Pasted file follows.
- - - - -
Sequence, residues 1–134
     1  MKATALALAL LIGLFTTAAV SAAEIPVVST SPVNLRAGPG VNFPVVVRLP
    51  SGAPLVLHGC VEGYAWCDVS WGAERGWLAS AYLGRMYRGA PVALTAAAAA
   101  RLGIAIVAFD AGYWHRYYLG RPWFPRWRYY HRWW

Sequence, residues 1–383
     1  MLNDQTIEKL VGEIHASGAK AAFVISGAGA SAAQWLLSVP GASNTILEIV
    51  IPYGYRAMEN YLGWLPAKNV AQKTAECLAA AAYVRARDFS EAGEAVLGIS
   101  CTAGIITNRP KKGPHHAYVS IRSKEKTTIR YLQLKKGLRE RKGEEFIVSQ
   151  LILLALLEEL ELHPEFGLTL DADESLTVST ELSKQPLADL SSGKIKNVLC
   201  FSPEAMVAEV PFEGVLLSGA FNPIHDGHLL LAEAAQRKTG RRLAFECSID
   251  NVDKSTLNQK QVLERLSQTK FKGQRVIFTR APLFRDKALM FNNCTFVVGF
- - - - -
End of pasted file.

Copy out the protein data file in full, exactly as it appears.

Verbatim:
Sequence, residues 1–134
     1  MKATALALAL LIGLFTTAAV SAAEIPVVST SPVNLRAGPG VNFPVVVRLP
    51  SGAPLVLHGC VEGYAWCDVS WGAERGWLAS AYLGRMYRGA PVALTAAAAA
   101  RLGIAIVAFD AGYWHRYYLG RPWFPRWRYY HRWW

Sequence, residues 1–383
     1  MLNDQTIEKL VGEIHASGAK AAFVISGAGA SAAQWLLSVP GASNTILEIV
    51  IPYGYRAMEN YLGWLPAKNV AQKTAECLAA AAYVRARDFS EAGEAVLGIS
   101  CTAGIITNRP KKGPHHAYVS IRSKEKTTIR YLQLKKGLRE RKGEEFIVSQ
   151  LILLALLEEL ELHPEFGLTL DADESLTVST ELSKQPLADL SSGKIKNVLC
   201  FSPEAMVAEV PFEGVLLSGA FNPIHDGHLL LAEAAQRKTG RRLAFECSID
   251  NVDKSTLNQK QVLERLSQTK FKGQRVIFTR APLFRDKALM FNNCTFVVGF